Chemical and physical origins of friction on surfaces with atomic steps

Zhe Chen, Arash Khajeh, Ashlie Martini, Seong H. Kim

Research output: Contribution to journalArticle

4 Citations (Scopus)

Abstract

Friction occurs through a complex set of processes that act together to resist relative motion. However, despite this complexity, friction is typically described using a simple phenomenological expression that relates normal and lateral forces via a coefficient, the friction coefficient. This one parameter encompasses multiple, sometimes competing, effects. To better understand the origins of friction, here, we study a chemically and topographically well-defined interface between silica and graphite with a single-layer graphene step edge. We identify the separate contributions of physical and chemical processes to friction and show that a single friction coefficient can be separated into two terms corresponding to these effects. The findings provide insight into the chemical and topographic origins of friction and suggest means of tuning surfaces by leveraging competing frictional processes.

Original languageEnglish (US)
Article numbereaaw0513
JournalScience Advances
Volume5
Issue number8
DOIs
StatePublished - Aug 9 2019

Fingerprint

friction
coefficient of friction
graphene
graphite
tuning
silicon dioxide
coefficients

All Science Journal Classification (ASJC) codes

  • Physics and Astronomy (miscellaneous)
  • General

Cite this

Chen, Zhe ; Khajeh, Arash ; Martini, Ashlie ; Kim, Seong H. / Chemical and physical origins of friction on surfaces with atomic steps. In: Science Advances. 2019 ; Vol. 5, No. 8.
@article{bfbcda9521404a729d9ea6d7c1419f77,
title = "Chemical and physical origins of friction on surfaces with atomic steps",
abstract = "Friction occurs through a complex set of processes that act together to resist relative motion. However, despite this complexity, friction is typically described using a simple phenomenological expression that relates normal and lateral forces via a coefficient, the friction coefficient. This one parameter encompasses multiple, sometimes competing, effects. To better understand the origins of friction, here, we study a chemically and topographically well-defined interface between silica and graphite with a single-layer graphene step edge. We identify the separate contributions of physical and chemical processes to friction and show that a single friction coefficient can be separated into two terms corresponding to these effects. The findings provide insight into the chemical and topographic origins of friction and suggest means of tuning surfaces by leveraging competing frictional processes.",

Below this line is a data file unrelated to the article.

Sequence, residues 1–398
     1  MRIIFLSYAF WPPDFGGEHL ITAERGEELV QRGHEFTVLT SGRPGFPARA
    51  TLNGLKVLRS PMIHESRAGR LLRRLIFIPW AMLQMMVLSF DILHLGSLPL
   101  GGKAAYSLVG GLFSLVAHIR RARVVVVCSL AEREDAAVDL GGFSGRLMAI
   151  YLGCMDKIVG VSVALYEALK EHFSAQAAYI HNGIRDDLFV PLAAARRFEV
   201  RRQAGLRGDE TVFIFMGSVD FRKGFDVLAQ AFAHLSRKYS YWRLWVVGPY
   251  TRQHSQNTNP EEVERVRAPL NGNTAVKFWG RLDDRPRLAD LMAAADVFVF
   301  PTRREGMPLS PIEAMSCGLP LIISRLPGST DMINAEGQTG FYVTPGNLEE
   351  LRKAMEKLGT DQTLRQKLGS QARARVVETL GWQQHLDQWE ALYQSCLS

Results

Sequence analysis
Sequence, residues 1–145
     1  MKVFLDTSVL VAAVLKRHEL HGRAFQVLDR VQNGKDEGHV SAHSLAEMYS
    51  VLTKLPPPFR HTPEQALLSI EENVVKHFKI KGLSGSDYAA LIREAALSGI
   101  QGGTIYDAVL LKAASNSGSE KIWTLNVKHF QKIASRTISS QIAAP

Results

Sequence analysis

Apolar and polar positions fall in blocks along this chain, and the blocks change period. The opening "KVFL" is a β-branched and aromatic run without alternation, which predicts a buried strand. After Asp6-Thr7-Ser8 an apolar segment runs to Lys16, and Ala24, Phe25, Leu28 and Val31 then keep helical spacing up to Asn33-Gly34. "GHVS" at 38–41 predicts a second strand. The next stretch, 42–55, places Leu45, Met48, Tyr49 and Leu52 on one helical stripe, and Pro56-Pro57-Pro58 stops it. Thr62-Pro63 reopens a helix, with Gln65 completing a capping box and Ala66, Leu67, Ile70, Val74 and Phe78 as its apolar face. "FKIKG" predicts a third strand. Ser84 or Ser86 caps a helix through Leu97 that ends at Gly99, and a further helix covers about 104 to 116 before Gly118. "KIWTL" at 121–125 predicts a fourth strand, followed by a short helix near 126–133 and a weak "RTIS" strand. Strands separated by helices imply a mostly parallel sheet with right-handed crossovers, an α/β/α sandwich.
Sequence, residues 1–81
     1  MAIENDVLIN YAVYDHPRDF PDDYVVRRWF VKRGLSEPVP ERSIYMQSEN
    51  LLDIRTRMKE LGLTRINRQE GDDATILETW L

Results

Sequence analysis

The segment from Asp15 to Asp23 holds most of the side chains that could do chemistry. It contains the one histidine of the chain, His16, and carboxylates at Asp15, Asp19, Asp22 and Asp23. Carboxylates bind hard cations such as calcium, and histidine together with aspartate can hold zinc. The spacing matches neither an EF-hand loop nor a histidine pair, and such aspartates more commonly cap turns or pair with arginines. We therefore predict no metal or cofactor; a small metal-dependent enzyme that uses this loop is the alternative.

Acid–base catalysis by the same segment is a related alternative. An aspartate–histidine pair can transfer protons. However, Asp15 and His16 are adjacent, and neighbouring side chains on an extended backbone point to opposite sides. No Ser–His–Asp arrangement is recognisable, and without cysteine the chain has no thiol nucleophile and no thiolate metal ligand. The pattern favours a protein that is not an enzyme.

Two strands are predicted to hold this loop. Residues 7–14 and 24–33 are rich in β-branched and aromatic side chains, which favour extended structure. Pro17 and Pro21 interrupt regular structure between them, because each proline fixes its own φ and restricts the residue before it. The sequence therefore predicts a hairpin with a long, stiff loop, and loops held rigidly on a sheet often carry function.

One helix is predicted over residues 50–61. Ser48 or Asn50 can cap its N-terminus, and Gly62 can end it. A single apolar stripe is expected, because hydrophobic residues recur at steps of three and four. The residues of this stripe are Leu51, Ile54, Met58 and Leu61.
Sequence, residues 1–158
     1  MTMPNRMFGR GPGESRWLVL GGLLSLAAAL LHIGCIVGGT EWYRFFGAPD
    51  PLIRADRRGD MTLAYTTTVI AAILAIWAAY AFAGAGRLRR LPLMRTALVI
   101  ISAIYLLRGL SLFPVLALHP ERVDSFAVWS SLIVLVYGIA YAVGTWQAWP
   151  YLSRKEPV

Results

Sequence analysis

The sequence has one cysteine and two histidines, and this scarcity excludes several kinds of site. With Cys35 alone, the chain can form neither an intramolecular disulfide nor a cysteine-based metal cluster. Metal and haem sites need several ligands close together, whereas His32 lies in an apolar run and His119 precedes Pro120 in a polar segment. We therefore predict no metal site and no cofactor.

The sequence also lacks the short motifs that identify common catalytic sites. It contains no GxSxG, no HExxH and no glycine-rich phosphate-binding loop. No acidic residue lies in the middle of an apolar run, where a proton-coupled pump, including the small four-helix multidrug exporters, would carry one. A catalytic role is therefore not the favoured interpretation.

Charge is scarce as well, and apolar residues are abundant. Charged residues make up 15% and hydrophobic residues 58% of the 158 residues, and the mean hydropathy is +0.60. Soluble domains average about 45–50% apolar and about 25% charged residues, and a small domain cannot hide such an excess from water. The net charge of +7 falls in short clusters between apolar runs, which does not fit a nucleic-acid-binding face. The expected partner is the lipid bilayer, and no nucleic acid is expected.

author = "Zhe Chen and Arash Khajeh and Ashlie Martini and Kim, {Seong H.}",
year = "2019",
month = "8",
day = "9",
doi = "10.1126/sciadv.aaw0513",
language = "English (US)",
volume = "5",
journal = "Indian Journal of Pure and Applied Physics",
issn = "0019-5596",
publisher = "National Institute of Science Communication and Information Resources (NISCAIR)",
number = "8",

}

Chemical and physical origins of friction on surfaces with atomic steps. / Chen, Zhe; Khajeh, Arash; Martini, Ashlie; Kim, Seong H.

In: Science Advances, Vol. 5, No. 8, eaaw0513, 09.08.2019.

Research output: Contribution to journalArticle

TY - JOUR

T1 - Chemical and physical origins of friction on surfaces with atomic steps

AU - Chen, Zhe

AU - Khajeh, Arash

AU - Martini, Ashlie

AU - Kim, Seong H.

PY - 2019/8/9

Y1 - 2019/8/9

N2 - Friction occurs through a complex set of processes that act together to resist relative motion. However, despite this complexity, friction is typically described using a simple phenomenological expression that relates normal and lateral forces via a coefficient, the friction coefficient. This one parameter encompasses multiple, sometimes competing, effects. To better understand the origins of friction, here, we study a chemically and topographically well-defined interface between silica and graphite with a single-layer graphene step edge. We identify the separate contributions of physical and chemical processes to friction and show that a single friction coefficient can be separated into two terms corresponding to these effects. The findings provide insight into the chemical and topographic origins of friction and suggest means of tuning surfaces by leveraging competing frictional processes.

AB - Friction occurs through a complex set of processes that act together to resist relative motion. However, despite this complexity, friction is typically described using a simple phenomenological expression that relates normal and lateral forces via a coefficient, the friction coefficient. This one parameter encompasses multiple, sometimes competing, effects. To better understand the origins of friction, here, we study a chemically and topographically well-defined interface between silica and graphite with a single-layer graphene step edge. We identify the separate contributions of physical and chemical processes to friction and show that a single friction coefficient can be separated into two terms corresponding to these effects. The findings provide insight into the chemical and topographic origins of friction and suggest means of tuning surfaces by leveraging competing frictional processes.

UR - http://www.scopus.com/inward/record.url?scp=85070996583&partnerID=8YFLogxK

UR - http://www.scopus.com/inward/citedby.url?scp=85070996583&partnerID=8YFLogxK

U2 - 10.1126/sciadv.aaw0513

DO - 10.1126/sciadv.aaw0513

M3 - Article

C2 - 31448329

AN - SCOPUS:85070996583

VL - 5

JO - Indian Journal of Pure and Applied Physics

JF - Indian Journal of Pure and Applied Physics

SN - 0019-5596

IS - 8

M1 - eaaw0513

ER -